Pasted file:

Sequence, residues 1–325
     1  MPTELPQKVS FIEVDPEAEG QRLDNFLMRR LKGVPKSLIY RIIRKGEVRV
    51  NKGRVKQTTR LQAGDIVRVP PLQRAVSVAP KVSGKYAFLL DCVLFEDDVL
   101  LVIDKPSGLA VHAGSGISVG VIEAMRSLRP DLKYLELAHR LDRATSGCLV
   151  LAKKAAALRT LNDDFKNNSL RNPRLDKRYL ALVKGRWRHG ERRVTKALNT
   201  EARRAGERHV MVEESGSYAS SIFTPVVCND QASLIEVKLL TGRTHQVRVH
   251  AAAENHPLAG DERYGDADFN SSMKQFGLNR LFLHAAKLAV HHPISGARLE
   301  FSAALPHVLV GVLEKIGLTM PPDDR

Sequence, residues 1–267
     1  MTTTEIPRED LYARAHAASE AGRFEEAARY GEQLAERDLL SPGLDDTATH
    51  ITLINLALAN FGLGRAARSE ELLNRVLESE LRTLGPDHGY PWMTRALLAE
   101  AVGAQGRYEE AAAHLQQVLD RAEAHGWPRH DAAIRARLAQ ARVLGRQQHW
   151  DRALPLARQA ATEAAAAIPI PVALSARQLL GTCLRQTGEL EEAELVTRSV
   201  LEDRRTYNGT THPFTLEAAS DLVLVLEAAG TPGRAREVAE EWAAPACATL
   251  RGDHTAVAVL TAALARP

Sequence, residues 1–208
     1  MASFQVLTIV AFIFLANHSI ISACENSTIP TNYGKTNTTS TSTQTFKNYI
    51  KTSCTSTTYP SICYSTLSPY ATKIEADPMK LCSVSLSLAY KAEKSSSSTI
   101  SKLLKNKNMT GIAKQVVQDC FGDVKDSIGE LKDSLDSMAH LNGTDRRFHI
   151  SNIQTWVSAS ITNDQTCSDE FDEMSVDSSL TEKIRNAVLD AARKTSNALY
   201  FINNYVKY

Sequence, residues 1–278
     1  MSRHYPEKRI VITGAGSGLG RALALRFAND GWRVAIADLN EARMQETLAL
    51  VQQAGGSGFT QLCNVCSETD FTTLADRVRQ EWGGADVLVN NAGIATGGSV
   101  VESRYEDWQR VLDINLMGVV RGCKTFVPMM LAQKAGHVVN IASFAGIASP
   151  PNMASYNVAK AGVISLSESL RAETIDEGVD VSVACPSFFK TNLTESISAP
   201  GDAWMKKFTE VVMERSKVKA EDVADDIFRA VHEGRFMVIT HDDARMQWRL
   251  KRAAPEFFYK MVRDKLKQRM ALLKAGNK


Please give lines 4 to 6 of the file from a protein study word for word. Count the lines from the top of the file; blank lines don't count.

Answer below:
   101  LVIDKPSGLA VHAGSGISVG VIEAMRSLRP DLKYLELAHR LDRATSGCLV
   151  LAKKAAALRT LNDDFKNNSL RNPRLDKRYL ALVKGRWRHG ERRVTKALNT
   201  EARRAGERHV MVEESGSYAS SIFTPVVCND QASLIEVKLL TGRTHQVRVH